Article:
The full moon light filtered through, casting an eerie shimmer across the murkiness. They knew they were only about one hundred yards from the beach. From there, it was just a short run through the trees to their stash of gear and weapons. But time was running out.

Walter teetered on the dock as Lena reached up to help him into the boat. Frank clutched him by the collar, pulling him off balance, almost toppling the small craft.

Lena shot him a cold stare.

"Okay," she said. "Everyone sit down. Frank, you row from the rear. I'll take the front. Walter you sit still."

"Fine with me," Walter said. "Let the ape row."

The paddle came up, hit Walter in the back of the head and swung out, pushing away from the dock. The boat glided through the water with a gentle swishing sound. The reeds parted and crunched as they mowed them down. The long stalks glowed like torch-heads in the moonlight while through the lower blackness, the boat edged forward causing the reeds to bow and swoon as they opened a wedge of passage.

Walter dragged his hand along in the water, softly humming to himself.

"I wouldn't do that Walter," Frank said. "This is gator country."

Walter sniffed.

"Oh, what do you know. They won't come near us with all that racket you’re making. Besides, we are the more intelligent species. Well…except for you."

"Shut up," Lena said. "Just shut up!"

They had not gone more than ten feet when the boat listed against a thick patch, sending Walter tumbling into the water. Lena and Frank pushed against the oars and righted the boat while Walter thrashed about in the water, screaming like a plucked chicken.

Lena held out her oar.

"Grab onto this Walter. Hurry!"

The fat man reached for it, missed, went under and came back up.

"Come on," Lena said. "Move it!!"

"I can't," he wailed. "I think I'm stuck in the…AAARRGGH!!!"

The scream pierced the night sky followed by the struggled breaths as the man fought for life. He went down, came up, gasped for breath, then went under again as the monster's tail roared above the waterline, coming down with a loud slap. Lena stretched to reach him, but it was no use. The creature was dragging him down and away in a death spiral. The man’s hand broke the surface once more before slipping under the water. And as the rings of water glittered from where the hand had vanished, the sounds of the marshland returned.

Frank reached into his vest, removed a cigarette and lit it. Lena stared at the dead-silent water, following the disappearing rings.

"Shit!!" She said. "Goddammit!! The fat schmuck!!"

"Now what?" Frank said, calmly taking a drag.

"I don't know. But we gotta get out of here. It may already be too late. Row Frank!!"

They shoved off from their position, now moving at a frantic clip. Desperate. Breathing fire. Racing to the shore for all they were worth. Lena’s mind raced with this and that and that and this. Coming back in a confused spiral of how to escape now that the engineer of the plan was dead. Her mind spun wild as her eyes kept focused straight ahead and her arms pushed to exhaustion against oar and water.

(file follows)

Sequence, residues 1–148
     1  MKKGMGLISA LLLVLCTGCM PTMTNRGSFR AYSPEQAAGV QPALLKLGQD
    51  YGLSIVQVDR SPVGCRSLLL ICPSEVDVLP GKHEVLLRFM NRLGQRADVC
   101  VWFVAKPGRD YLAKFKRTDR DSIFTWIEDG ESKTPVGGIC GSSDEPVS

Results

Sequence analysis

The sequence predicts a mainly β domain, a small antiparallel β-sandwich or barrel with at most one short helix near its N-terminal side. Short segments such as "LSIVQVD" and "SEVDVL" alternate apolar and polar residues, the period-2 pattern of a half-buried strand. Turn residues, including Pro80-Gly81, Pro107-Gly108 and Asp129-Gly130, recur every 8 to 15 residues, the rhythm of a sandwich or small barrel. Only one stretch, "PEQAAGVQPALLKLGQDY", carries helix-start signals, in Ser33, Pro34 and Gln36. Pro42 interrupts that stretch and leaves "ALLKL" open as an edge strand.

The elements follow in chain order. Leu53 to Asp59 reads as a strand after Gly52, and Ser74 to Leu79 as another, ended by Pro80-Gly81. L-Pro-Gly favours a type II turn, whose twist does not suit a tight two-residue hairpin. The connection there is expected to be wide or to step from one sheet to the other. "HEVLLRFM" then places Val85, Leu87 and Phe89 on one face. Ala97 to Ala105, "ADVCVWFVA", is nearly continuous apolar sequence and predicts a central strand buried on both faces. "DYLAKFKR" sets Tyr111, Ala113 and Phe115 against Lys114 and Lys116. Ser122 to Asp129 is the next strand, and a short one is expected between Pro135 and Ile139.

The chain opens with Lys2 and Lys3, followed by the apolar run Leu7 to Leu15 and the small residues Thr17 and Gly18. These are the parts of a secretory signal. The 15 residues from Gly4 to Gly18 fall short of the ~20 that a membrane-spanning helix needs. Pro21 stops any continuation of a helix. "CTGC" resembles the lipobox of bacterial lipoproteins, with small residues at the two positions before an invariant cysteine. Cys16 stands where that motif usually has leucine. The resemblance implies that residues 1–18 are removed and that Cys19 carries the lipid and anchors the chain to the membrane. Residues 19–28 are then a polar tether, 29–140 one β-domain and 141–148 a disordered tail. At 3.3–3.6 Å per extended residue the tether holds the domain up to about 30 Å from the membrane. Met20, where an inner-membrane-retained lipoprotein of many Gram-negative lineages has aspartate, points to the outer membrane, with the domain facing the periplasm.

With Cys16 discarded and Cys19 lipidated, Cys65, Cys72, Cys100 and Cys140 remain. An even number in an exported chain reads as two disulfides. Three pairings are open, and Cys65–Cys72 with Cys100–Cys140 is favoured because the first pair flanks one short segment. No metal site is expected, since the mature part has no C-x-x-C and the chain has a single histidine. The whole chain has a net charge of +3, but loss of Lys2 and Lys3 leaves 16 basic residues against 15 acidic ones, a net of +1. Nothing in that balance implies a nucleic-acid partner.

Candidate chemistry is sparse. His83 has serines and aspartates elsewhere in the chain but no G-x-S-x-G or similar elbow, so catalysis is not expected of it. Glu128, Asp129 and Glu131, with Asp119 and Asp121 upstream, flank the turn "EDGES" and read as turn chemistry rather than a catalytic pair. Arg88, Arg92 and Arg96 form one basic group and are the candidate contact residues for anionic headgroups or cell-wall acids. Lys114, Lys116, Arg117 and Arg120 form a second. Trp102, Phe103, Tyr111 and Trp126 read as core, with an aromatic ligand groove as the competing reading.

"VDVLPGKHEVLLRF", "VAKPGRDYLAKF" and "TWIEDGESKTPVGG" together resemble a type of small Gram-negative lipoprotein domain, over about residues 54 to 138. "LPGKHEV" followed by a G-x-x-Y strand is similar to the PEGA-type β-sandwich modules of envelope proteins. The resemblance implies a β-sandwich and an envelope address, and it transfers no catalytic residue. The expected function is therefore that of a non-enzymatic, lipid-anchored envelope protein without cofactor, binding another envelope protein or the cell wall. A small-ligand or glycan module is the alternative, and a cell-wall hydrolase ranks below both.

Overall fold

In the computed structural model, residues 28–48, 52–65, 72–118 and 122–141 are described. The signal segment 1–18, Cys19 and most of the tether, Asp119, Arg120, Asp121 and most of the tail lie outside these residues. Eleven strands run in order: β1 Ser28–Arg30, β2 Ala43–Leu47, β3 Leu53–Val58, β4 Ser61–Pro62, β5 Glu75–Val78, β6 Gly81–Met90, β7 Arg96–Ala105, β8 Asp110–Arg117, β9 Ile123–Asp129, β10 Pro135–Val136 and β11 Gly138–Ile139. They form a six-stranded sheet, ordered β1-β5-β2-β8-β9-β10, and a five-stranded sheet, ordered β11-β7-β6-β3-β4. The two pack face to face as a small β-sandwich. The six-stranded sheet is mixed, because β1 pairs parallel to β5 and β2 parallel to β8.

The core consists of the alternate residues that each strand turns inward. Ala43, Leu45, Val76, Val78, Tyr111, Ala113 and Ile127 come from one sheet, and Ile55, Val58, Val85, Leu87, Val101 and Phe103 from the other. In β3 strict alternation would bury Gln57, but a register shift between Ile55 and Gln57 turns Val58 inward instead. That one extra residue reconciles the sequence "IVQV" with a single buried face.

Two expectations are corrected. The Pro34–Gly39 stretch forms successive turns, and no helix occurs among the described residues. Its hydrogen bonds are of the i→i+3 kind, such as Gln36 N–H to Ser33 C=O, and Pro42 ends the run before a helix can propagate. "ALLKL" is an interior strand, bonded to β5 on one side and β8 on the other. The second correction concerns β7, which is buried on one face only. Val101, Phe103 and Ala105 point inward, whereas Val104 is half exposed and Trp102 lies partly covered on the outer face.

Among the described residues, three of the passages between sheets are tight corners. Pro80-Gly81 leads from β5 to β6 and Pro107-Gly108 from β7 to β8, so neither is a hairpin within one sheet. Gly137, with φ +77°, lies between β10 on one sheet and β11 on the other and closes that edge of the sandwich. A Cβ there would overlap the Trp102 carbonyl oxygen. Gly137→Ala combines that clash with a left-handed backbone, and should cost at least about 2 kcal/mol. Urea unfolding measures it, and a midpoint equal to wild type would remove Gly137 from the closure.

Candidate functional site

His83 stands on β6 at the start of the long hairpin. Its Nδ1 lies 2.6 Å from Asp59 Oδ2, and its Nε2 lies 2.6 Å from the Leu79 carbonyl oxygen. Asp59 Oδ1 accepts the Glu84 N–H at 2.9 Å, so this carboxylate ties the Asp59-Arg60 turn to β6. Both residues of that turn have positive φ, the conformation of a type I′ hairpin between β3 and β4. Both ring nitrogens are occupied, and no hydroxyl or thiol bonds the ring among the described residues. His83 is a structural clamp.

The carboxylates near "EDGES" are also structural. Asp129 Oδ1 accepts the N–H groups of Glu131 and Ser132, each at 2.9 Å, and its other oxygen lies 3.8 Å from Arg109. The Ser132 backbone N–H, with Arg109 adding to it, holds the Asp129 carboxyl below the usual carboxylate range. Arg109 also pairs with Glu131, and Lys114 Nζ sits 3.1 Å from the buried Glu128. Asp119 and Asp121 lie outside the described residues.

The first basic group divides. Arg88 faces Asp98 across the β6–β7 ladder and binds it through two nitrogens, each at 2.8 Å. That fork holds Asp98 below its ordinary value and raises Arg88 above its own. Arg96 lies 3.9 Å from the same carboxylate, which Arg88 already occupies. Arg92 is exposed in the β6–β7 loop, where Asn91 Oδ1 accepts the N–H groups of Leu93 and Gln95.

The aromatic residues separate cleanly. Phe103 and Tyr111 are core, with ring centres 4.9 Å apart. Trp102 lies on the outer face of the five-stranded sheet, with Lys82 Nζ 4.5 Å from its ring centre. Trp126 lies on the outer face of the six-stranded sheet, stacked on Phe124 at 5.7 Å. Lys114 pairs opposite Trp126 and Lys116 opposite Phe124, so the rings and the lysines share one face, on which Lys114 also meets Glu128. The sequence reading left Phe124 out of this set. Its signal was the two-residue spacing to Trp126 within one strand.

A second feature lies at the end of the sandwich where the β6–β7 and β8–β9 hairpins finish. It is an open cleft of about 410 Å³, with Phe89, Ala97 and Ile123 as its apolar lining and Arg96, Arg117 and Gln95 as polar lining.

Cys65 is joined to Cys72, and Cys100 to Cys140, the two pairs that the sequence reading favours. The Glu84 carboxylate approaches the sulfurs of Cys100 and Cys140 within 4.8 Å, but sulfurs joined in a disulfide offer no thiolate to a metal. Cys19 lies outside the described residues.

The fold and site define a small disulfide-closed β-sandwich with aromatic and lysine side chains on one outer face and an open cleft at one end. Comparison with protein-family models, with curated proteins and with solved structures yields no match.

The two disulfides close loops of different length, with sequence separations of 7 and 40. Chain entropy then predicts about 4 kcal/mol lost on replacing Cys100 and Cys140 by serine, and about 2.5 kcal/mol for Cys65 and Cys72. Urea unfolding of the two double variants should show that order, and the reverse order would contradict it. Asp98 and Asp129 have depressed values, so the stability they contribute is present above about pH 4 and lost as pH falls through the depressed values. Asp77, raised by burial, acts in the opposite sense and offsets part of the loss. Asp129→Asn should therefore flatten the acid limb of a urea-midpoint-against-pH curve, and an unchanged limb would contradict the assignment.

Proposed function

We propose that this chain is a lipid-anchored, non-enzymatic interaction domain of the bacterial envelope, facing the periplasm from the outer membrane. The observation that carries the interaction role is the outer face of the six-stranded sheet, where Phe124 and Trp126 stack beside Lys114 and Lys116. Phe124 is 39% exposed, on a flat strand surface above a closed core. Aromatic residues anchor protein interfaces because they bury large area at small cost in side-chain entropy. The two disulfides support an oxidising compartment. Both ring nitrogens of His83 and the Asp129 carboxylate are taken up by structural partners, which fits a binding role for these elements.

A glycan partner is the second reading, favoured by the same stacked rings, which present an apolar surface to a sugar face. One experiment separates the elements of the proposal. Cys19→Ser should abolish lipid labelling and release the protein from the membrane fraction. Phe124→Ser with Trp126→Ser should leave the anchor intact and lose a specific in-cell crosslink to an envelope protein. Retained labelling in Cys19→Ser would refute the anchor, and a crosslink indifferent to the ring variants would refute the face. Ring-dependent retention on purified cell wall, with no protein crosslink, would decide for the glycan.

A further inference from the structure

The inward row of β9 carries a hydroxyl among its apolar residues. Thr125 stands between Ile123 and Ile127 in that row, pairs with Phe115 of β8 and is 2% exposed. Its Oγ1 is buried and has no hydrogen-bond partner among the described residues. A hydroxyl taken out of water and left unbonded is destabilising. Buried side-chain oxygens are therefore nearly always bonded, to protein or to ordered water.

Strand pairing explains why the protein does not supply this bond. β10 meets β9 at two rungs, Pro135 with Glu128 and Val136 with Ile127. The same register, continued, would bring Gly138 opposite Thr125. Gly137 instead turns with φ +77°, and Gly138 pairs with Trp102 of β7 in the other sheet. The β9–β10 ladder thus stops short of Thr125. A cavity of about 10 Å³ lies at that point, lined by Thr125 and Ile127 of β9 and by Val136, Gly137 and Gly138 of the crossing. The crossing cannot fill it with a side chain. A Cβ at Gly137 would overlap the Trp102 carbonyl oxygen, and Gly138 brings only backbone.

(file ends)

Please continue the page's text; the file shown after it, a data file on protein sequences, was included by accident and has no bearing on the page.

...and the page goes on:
Lena jumped out at the shore and reached into the bag.

Frank stood up in the boat. Lena turned to face him.

"Goodbye Frank."

"What the--- " The words died on his lips as the bullet tore through his chest and sent him reeling backwards into the marsh.

"You're just extra baggage now, lover," she said. "Say hello to Walter for me."

She had reached the cover of the trees when she heard it. The distinctive dull and sharp sound of helicopter blades. She looked behind her and saw the searchlights falling from the sky, raking across the misty glades. The chopper was close, hovering like a vengeful spirit. Too motivated to wonder how they found her, her legs sprang to action. She ran through the pitch as in a dream, her legs flying but her forward movement impaired, lumbering through the muck, tripping over the brush, crawling and gasping for breath. She ran until she felt her chest would collapse, then she stopped, looked back, and seeing that she was now well concealed beneath the cover of trees decided to catch her breath a moment before continuing. She reviewed the details in her brain: The shack is just twenty-yards from the beach, Walter had said. Straight out from the shoreline. She had come at least that far now. Where the hell is it?!

A voice boomed over a megaphone calling for surrender.

She panicked. She dashed into the thicket, making it a few yards before slamming into a low lying branch. The blow knocked her to the ground, her back smashing against a fallen tree. The sharp pain coursed through her. She brought her hand to her face, and came away with the wet, stickiness of blood.

"Shit!!" she said. "Shit!!"

Again the voice boomed over a megaphone.

She labored to her feet, fighting the blurred vision of the blood running into her eyes. The darkness sparkled as life rushed to her feet. She ran without direction. Urgency enveloped her. All plans were off. Now only escape---any escape---was key.

In the distance, she could just make out what looked like flickering lights cutting through the haze. She wiped at her eyes and looked again. The realization struck her.

The highway, she thought. Yes!

She ran with renewed vigor as her mind put it together. Lonely trucker, beautiful hitchhiker. She thought of pausing to reapply her lipstick but knew she couldn't. "Yeah. Shit yeah. I'm outta here. Thank you, thank you, thank you!!"

The edge of the highway was now within easy reach. She raced to the asphalt at top speed, eyes blind with fear and blood.

A car sped around the blind curve, slamming into her and sending her over the hood, her beautiful face crashing into the windshield, leaving a bloody lipstick smear as she rolled off.

The car screeched to a stop. A man jumped from the car picked up the bag and ran into the trees. A moment later, a dark van roared onto the highway, stopping to pick the man up.

"Couldn't have happened to a more deserving person," said Frank jumping in and raising his chin towards Lena, nothing now but beautiful road kill. "The nerve of that double-crossing cunt, shooting me in the chest! Good thing I thought to load the bitch's gun with blanks."

"Hidey ho, Frank. She's tits up now," said Walter. "You did get the bag, yes?"

"You know I did. I'm no fool."

"Don't be so tough on yourself, Frank," Walter said, as he pulled the Ruger's trigger, hitting Frank between his shocked eyes. "You're a tremendous fool."

Download this book for your ebook reader.
(Pages 1-7 show above.)